When friends get together, all sorts of crazy things can happen! Last July while retreating at the Boehm House in Moulton, TX, Robyn says something like: how about we cut this quilt in half, you do your thing on your part and I’ll do the same and when we meet again next summer we can compare our finished pieces! I jumped at the chance to work with half a quilt!
I’m going to overload you with pictures that will hopefully give you some ideas about transforming a vintage quilt should you ever get the urge. Grab a coffee and let’s go!
First let’s start with a picture of the finished challenge quilt above. The next picture shows you what I started with. The quilt is in relatively good condition, just showing signs of a bit of wear. Quite cuddly some might say.
In this project my goal was two fold: to give the pinwheel quilt pops of color and interest and to do most if not all the work by machine.
Using an Accuquilt Cutter and a flower die, I cut using a tattered Double Wedding Ring as well as a yellow/white Drunkards Path.
Each of the die cut flowers has a vintage yo-yo in the center. To make the process a bit easier I machine stitched the yo-yo to the flower before machine appliqué stitching the flower to the quilt. Let me explain a bit. If I had machine stitched the flower to the quilt first, each flower requires stitching/turning the quilt 360 degrees. Adding the yo-yo would require a repeat of the process. By first sewing the yo-yo to the flower, I saved time and frustration under the needle. My mantra: don’t make things harder than they need to be.
Every other open white space gets a flower/yo-yo decoration.
I sew on a Bernina 550 and used the applique stitch #1329. The default setting is perfect. I am using yellow Superior Threads, the Omni line, color 3050.
I love that by using a tattered Double Wedding Ring quilt from which to cut the flowers, it features so many pieces of the vintage feed sack fabrics.
Remember how the project started? A quilt cut in half. That means I have a piece with only 3 borders. Hmmm… I cut away these borders because I can use these pieces to make smaller motifs.
Again, Accuquilt Cutter to the rescue. By strategically placing the Die I can cut lots of hearts from the cut away 3 borders. This heart Die is from Crafter’s Edge, an adapter is all I needed to use it with the Accuquilt.
But…when I cut away the 3 borders I had a bit of a boring looking quilt. I dug into my stash of quilt parts and found several rows of a vintage yellow Drunkard’s Path quilt. These rows made perfect “new” borders for my pinwheel quilt.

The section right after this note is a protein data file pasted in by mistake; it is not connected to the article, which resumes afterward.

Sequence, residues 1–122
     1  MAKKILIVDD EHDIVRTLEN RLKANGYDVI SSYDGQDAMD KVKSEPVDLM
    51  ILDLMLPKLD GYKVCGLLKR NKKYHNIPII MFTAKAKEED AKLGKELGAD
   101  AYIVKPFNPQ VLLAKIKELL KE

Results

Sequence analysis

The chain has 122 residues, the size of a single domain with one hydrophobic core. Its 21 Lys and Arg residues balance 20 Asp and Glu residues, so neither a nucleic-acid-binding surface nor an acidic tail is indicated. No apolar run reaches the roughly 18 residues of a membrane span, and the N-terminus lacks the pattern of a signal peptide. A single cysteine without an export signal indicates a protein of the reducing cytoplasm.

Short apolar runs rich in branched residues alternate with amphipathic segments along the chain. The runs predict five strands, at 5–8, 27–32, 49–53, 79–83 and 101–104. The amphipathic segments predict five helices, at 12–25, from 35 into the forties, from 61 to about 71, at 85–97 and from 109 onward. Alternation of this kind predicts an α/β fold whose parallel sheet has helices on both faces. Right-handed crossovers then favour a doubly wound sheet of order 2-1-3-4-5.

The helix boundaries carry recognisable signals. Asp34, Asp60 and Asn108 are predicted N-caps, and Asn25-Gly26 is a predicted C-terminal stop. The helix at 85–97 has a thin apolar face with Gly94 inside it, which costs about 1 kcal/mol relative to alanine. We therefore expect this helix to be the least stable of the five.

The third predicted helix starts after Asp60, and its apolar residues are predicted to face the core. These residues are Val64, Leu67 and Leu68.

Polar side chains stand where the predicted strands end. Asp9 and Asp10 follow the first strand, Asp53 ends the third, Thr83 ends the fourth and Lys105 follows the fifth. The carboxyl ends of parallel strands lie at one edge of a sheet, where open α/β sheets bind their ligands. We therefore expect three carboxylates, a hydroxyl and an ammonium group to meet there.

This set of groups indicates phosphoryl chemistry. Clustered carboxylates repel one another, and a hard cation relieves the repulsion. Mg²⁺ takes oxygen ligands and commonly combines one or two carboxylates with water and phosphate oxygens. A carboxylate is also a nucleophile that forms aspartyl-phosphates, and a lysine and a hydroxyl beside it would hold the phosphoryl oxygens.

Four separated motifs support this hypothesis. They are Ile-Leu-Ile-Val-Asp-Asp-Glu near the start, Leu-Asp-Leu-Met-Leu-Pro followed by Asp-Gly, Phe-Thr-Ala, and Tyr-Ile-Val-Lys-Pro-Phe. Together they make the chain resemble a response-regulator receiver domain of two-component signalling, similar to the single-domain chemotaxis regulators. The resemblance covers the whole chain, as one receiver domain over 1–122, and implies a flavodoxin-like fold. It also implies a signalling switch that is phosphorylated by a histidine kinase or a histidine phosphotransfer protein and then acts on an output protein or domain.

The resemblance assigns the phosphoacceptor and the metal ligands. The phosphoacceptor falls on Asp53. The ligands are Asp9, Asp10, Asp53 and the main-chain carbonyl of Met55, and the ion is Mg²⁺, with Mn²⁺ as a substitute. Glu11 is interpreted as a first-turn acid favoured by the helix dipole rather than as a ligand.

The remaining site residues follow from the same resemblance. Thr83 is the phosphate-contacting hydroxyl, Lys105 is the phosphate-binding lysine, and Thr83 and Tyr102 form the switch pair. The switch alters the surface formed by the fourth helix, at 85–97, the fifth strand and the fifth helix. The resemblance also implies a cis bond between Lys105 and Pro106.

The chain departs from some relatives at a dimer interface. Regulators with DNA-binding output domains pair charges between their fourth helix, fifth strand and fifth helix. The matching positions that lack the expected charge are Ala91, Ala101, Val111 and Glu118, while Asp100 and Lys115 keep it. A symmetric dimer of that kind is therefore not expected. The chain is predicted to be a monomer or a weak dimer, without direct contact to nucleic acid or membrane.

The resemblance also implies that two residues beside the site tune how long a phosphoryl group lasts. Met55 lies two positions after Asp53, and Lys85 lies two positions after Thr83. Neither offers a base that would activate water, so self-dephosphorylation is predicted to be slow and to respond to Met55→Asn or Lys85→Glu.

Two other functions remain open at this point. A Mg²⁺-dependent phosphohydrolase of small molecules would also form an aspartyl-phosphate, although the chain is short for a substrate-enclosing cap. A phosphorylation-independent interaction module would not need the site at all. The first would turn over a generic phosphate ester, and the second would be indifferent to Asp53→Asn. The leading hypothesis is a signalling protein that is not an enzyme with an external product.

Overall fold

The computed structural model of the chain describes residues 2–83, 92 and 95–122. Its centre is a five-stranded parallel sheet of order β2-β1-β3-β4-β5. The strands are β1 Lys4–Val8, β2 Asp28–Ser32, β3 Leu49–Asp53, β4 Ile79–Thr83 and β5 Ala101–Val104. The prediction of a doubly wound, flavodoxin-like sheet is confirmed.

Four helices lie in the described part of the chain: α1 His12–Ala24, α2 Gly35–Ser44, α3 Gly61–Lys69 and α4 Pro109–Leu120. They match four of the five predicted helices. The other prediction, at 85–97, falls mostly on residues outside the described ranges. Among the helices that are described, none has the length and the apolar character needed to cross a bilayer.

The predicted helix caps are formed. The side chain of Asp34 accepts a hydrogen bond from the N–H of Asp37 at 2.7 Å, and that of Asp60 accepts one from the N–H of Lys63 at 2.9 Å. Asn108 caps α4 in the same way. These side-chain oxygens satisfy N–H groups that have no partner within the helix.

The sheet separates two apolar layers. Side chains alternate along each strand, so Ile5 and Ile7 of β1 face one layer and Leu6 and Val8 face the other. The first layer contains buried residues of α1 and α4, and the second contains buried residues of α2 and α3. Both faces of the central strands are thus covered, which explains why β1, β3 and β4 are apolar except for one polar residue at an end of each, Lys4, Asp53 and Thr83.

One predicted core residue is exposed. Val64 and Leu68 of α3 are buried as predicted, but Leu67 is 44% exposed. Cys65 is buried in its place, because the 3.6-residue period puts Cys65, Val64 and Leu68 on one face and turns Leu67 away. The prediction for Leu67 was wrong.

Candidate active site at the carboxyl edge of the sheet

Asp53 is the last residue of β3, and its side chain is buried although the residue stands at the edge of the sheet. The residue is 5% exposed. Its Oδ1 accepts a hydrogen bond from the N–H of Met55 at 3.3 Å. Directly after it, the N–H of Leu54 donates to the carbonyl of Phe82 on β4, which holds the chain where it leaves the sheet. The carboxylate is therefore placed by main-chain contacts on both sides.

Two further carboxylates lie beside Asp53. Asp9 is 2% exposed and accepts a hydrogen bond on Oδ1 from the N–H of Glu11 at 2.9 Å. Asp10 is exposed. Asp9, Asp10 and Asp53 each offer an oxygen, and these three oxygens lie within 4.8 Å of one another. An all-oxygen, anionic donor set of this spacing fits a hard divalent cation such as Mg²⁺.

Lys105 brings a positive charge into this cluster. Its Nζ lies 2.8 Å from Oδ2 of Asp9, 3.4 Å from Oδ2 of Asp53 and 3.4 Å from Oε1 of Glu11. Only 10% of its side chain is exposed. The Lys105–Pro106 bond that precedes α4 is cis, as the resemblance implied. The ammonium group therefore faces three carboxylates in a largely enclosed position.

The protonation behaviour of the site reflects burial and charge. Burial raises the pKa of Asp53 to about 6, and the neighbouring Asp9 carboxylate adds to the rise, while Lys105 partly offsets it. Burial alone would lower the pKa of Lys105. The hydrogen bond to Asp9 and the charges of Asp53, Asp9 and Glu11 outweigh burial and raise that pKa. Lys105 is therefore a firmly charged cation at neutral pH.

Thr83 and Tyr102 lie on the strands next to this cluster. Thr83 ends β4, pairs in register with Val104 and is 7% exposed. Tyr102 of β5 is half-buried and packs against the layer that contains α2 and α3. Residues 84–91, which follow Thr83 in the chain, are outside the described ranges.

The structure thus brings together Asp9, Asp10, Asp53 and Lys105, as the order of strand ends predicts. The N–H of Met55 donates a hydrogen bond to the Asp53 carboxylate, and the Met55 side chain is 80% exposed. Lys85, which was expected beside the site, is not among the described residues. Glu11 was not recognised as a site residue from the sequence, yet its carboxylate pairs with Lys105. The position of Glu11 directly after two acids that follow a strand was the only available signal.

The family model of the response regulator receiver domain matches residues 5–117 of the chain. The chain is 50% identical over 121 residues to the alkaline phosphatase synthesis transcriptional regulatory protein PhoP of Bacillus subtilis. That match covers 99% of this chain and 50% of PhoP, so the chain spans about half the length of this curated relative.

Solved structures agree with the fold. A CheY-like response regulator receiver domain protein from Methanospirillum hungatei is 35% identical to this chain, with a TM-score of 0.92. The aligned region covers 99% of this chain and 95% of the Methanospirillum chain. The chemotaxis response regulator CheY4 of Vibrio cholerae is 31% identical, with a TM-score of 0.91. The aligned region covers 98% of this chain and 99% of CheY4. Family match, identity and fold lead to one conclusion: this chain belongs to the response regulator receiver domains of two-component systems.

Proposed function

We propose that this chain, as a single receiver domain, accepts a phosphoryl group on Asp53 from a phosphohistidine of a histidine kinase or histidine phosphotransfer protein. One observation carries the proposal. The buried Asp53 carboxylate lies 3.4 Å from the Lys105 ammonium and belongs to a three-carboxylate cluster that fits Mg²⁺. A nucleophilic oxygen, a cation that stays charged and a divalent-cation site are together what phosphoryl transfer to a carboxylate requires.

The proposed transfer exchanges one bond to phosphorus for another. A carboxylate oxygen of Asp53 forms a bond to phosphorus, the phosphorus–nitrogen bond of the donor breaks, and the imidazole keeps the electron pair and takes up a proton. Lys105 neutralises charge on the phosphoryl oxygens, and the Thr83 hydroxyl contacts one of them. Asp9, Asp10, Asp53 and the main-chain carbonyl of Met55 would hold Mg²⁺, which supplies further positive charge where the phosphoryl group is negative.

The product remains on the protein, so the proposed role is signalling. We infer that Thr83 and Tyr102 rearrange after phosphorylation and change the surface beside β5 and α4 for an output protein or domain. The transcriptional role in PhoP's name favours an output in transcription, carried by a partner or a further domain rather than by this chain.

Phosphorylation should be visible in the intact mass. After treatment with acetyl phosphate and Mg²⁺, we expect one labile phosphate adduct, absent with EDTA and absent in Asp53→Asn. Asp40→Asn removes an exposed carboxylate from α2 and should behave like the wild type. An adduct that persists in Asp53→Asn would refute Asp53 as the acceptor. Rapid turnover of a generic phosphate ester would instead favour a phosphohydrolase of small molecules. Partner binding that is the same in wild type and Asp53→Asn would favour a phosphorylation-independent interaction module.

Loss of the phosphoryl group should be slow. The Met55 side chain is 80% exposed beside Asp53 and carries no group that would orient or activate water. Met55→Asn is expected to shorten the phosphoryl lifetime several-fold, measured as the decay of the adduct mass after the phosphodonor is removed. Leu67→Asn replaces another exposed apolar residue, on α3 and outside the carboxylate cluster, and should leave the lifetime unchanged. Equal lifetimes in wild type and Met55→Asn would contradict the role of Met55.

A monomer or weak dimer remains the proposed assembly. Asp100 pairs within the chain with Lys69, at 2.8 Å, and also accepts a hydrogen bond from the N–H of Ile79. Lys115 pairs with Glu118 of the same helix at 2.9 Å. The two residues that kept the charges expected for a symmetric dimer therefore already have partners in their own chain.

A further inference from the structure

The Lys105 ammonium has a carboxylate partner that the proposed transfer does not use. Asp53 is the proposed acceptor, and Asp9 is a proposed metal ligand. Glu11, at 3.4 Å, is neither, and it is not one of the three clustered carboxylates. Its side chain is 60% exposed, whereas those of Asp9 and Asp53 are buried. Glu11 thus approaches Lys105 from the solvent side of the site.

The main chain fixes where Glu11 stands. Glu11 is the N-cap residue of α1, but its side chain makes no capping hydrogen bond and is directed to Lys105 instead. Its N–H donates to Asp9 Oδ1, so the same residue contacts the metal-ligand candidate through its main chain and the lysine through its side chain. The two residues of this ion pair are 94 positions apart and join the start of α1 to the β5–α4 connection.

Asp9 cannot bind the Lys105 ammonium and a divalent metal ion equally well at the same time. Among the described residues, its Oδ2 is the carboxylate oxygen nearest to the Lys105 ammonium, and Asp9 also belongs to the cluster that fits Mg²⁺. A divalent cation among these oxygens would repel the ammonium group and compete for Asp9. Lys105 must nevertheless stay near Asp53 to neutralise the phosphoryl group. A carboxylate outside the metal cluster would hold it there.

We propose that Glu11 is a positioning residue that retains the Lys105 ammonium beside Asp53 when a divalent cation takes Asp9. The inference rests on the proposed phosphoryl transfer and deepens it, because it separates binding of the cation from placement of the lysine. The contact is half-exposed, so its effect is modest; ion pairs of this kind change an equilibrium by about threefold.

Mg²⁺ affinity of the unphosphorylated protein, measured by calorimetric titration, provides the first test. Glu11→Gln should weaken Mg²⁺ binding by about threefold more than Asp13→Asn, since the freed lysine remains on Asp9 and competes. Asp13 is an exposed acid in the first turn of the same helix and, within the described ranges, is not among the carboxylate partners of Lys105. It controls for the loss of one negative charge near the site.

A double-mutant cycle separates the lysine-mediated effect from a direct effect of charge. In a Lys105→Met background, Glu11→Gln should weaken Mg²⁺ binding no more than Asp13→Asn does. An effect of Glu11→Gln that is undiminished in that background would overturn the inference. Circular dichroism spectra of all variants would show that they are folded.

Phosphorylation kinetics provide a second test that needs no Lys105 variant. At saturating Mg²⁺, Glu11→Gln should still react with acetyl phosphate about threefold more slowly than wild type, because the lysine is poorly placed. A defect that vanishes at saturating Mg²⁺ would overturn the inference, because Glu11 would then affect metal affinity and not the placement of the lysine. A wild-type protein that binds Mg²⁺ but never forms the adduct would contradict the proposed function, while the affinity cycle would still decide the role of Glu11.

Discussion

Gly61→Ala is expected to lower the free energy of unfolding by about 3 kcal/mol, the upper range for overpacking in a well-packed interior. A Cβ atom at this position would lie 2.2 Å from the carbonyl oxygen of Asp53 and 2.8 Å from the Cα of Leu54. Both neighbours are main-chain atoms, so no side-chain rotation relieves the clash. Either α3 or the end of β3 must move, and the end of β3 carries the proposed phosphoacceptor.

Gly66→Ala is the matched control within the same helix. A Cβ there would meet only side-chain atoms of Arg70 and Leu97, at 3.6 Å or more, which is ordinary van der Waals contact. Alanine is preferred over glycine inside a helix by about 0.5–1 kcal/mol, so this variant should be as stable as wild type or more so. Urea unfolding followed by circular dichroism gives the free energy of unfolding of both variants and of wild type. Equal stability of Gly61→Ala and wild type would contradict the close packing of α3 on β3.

The borders were machine stitched to the pinwheel piece. This means I was stitching through 6 layers, 3 of the pinwheel and 3 of the Drunkards Path. Yes it created a bulky seam but I pressed the finished seam open and from the front side of the quilt I zig-zag stitched, straddling the original seam. The zig-zag stitch nicely flattened the bulk but I now needed to address the raw edges on the back of the quilt.
One of the last things I did before binding was to hand stitch bias binding over the raw edges.
At this point I was moving fast and must have forgotten to take pictures so the next pic shows the quilt on my design wall. I’ve machine appliqued flowers and hearts and yo-yo’s all across the quilt. I’ve also sewn on the binding but in the next picture you’ll see that I added lace at the binding edge on the front of the quilt.
After turning and hand stitching to the quilt back I decided to give the binding a bit of interest and again using the applique stitch and matching thread, I stitched directly over the inner binding edge.
I can honesty say I was not overly thrilled with the pink and white Pinwheel quilt when I began this transformation. With the additions complete I love this finished piece!
With the plan to do most all stitching by machine, you can see the border hearts are applique using pink thread, again, Omni by Superior Threads, color #3131. I sewed the buttons on with the machine using the #18 foot, added lots of ribbons, all stitched in place with a very narrow zig-zag.
Where the tattered DWR cut heart shape showed really bad damage I placed laces and/or trims over the holes and machine stitched in place. This is also a good picture below to show you that the zig-zag stitch straddling the quilt and the added border pieces of almost un-noticeable. There’s so much going on with this quilt that I’d be surprised if someone notices without me pointing it out.
A close-up showing the hem stitching used to attach the yo-yo’s to the die cut flower. The white beads were sewn down by hand.
If you look closely, the picture above shows how I used a tiny machine zig-zag to stitch the ribbon bow in place.
The border cut small heart have an added vintage button to each of their centers. The remaining picture show more close-ups of the add-ons and finally the finished project.
Thank you Robyn for suggesting this challenge, it was a joy!
Did I have in mind what my finished project would look like before I began? A resounding “NO!” Each step was an experiment. How did I know when I was finished? It was when I realized I was out of ideas for anything additional.
Blessings and Happy Quilting, Rhonda